The second external trauma of the Millennial generation has been the disturbance of social media, which has amplified the pressure to craft an image of success—for oneself, for one’s friends and colleagues, and even for one’s parents.”
“The problem with this gospel—Your dream job is out there, so never stop hustling—is that it’s a blueprint for spiritual and physical exhaustion. Long hours don’t make anybody more productive or creative; they make people stressed, tired and bitter. But the overwork myths survive “because they justify the extreme wealth created for a small group of elite techies,” Griffith writes.
Workism offers a perilous trade-off. On the one hand, Americans’ high regard for hard work may be responsible for its special place in world history and its reputation as the global capital of start-up success. A culture that worships the pursuit of extreme success will likely produce some of it. But extreme success is a falsifiable god, which rejects the vast majority of its worshippers. Our jobs were never meant to shoulder the burdens of a faith, and they are buckling under the weight. A staggering 87 percent of employees are not engaged at their job, according to Gallup. That number is rising by the year.”
So how do you resolve this?
“One solution to this epidemic of disengagement would be to make work less awful. But maybe the better prescription is to make work less central.
This can start with public policy. There is new enthusiasm for universal policies—like universal basic income, parental leave, subsidized child care, and a child allowance—which would make long working hours less necessary for all Americans. These changes alone might not be enough to reduce Americans’ devotion to work for work’s sake, since it’s the rich who are most devoted. But they would spare the vast majority of the public from the pathological workaholism that grips today’s elites, and perhaps create a bottom-up movement to displace work as the centerpiece of the secular American identity.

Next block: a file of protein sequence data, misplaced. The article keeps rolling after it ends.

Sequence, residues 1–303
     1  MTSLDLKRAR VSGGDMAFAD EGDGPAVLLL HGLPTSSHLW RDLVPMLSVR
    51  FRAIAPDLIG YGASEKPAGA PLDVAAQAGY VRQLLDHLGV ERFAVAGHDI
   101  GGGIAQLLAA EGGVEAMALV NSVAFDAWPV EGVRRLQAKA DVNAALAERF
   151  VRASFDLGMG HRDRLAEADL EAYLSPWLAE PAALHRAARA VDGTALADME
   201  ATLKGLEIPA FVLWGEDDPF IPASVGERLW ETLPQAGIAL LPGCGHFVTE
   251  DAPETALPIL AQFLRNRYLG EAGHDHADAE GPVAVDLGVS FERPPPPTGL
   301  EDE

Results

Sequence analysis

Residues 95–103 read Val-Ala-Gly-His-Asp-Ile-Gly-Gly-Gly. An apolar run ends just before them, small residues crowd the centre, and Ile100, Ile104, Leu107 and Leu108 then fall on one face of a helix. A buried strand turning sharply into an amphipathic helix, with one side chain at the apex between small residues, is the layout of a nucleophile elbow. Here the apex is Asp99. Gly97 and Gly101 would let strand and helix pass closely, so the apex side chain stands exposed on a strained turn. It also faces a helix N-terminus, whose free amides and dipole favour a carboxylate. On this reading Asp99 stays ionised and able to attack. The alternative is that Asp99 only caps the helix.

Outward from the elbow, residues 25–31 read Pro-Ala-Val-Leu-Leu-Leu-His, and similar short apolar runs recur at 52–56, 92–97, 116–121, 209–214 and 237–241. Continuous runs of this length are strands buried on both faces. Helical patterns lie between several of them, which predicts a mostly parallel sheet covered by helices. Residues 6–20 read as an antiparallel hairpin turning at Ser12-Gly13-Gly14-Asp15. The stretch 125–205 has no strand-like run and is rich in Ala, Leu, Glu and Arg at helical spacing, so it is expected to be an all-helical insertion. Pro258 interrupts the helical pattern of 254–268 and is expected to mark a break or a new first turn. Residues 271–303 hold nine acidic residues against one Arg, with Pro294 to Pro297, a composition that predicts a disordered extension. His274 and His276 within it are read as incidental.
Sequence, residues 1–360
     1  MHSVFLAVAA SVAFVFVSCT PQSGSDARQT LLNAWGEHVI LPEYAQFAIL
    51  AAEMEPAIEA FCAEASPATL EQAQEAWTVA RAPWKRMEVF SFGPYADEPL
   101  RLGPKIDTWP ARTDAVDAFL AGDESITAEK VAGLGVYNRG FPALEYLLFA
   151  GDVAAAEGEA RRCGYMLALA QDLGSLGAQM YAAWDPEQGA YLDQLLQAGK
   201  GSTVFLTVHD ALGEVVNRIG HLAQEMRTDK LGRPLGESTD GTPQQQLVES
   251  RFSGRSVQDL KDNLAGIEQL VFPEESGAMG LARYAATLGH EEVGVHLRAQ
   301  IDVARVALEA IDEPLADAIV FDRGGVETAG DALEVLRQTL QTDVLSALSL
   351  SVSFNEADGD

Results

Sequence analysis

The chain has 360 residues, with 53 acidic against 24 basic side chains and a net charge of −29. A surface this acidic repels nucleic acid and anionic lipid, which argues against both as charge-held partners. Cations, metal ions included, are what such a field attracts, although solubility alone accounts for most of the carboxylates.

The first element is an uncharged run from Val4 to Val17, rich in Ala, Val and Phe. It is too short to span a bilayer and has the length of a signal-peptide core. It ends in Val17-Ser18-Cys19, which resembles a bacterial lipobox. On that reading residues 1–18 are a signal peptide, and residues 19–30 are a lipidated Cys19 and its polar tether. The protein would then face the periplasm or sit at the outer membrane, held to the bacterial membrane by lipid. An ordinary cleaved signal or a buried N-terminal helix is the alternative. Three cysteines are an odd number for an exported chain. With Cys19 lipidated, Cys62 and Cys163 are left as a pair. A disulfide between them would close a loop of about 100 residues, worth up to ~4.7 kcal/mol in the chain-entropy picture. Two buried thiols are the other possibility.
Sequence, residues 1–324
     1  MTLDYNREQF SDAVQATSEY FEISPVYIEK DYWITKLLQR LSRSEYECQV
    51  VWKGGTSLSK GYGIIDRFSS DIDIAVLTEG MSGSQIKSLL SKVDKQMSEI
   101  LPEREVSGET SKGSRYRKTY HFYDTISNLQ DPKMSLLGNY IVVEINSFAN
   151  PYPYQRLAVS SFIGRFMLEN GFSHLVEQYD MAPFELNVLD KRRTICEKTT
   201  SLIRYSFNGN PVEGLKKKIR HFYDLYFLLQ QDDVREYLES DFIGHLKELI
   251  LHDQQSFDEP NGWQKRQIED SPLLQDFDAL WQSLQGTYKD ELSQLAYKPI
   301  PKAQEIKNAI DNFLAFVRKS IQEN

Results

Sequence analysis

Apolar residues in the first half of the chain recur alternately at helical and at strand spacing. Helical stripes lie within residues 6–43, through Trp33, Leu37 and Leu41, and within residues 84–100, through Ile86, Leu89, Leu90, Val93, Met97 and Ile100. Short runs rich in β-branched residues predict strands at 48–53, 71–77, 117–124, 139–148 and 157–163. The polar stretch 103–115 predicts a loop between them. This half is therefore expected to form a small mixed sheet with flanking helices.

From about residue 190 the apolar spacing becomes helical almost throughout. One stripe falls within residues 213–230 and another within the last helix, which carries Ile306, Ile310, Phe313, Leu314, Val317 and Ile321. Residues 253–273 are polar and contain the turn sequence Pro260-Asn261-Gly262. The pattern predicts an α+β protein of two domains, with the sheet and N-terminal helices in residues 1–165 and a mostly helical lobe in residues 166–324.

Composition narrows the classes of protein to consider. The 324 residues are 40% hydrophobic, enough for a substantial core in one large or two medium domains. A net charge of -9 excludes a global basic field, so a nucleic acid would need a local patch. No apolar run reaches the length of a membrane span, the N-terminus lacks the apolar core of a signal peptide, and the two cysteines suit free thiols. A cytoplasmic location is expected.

The vast majority of workers are happier when they spend more hours with family, friends, and partners, according to research conducted by Ashley Whillans, an assistant professor at Harvard Business School. In one study, she concluded that the happiest young workers were those who said around the time of their college graduation that they preferred careers that gave them time away from the office to focus on their relationships and their hobbies.
How quaint that sounds. But it’s the same perspective that inspired the economist John Maynard Keynes to predict in 1930 that Americans would eventually have five-day weekends, rather than five-day weeks. It is the belief—the faith, even—that work is not life’s product, but its currency. What we choose to buy with it is the ultimate project of living.”